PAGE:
Cover image for Libraries, mission & marketing : writing mission statements that work
Libraries, mission & marketing : writing mission statements that work
Wallace, Linda K.
Personal Author:
Publication Information:
Chicago : American Library Association, [2004]

Physical Description:
vi, 82 pages : 23 cm
Format :


Call Number
Material Type
Home Location
Item Holds
Z678 .W327 2004 Adult Non-Fiction Non-Fiction Area

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For every library director and administrator, there is a way to describe your organization's value to the community in a few clear, targeted sentences. Create your mission statement and put it to work Here's how to do it, along with winning models to inspire you in the process. You'll better communicate why what you do is important and how your library makes a difference in its community.

Reviews 2

Booklist Review

This guide to effective library services mission statements pairs nicely with The Public Library Start-Up Guide0 RBB Mr 1 04. Both written by library professionals experienced in library administration and public relations, these compact volumes work together to provide focus and options in planning, promoting, and developing or expanding a library. Although they can be used separately, their subjects are complementary and interrelated. Establishing a library with furnishings, staff, and services does little good if its mission and promotion of that mission are not carefully considered, just as a clear vision of service is useless if the institution cannot meet its goals. Take a two-fisted approach and study both guides, and you'll not only provide the best library service but be able to explain how and why you do so. -- RBB Copyright 2004 Booklist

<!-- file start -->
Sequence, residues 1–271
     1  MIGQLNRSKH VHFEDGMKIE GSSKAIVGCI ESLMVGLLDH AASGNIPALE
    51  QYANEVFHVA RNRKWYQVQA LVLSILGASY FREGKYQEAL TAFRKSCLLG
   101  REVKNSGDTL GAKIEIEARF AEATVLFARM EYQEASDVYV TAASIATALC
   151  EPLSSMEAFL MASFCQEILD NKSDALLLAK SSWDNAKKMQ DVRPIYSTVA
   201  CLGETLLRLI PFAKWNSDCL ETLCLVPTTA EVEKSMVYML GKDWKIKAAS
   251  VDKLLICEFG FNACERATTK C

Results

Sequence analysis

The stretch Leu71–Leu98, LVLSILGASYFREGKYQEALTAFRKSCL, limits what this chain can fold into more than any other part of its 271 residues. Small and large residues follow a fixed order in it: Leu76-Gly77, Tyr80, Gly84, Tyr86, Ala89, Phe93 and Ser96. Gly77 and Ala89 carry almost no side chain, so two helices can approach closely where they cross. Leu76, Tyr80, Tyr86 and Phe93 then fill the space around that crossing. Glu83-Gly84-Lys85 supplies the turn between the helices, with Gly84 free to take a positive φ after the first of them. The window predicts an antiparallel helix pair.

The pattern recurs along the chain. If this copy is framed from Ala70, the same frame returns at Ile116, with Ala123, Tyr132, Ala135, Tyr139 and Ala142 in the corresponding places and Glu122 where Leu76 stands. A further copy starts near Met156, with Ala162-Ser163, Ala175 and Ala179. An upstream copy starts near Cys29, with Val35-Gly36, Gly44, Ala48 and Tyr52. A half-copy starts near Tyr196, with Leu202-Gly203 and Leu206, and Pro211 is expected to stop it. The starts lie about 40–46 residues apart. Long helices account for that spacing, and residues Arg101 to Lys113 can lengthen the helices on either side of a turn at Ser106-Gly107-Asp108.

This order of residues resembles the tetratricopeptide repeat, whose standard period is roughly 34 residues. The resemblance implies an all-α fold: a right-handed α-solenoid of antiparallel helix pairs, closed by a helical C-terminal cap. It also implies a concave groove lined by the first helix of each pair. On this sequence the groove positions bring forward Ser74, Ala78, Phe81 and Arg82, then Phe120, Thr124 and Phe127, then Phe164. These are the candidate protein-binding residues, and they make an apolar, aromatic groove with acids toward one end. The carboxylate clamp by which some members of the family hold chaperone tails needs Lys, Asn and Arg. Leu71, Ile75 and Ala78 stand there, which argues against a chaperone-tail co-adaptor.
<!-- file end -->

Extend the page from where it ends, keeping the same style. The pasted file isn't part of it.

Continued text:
Library Journal Review

The author currently serves as a consultant and partner for Library Communication Strategies but for 15 years was director for the American Library Association's Public Information Office. Her brief paperback sets out in just 27 pages of text to inform the reader what is and is not a mission statement-often confused with a vision statement-and then how to market the library's mission statement once it has been established. Unfortunately, in the 45 pages of examples of mission statements that follow, there is no distinction made as to those that are "good" and those that aren't! This guide seems a bit pricey for the content; on the other hand, if you have just been asked to develop a mission statement for your library and/or library system and have no idea how to start, this might prove a useful tool.-B. Susan Brown, Pamunkey Regional Lib., VA (c) Copyright 2010. Library Journals LLC, a wholly owned subsidiary of Media Source, Inc. No redistribution permitted.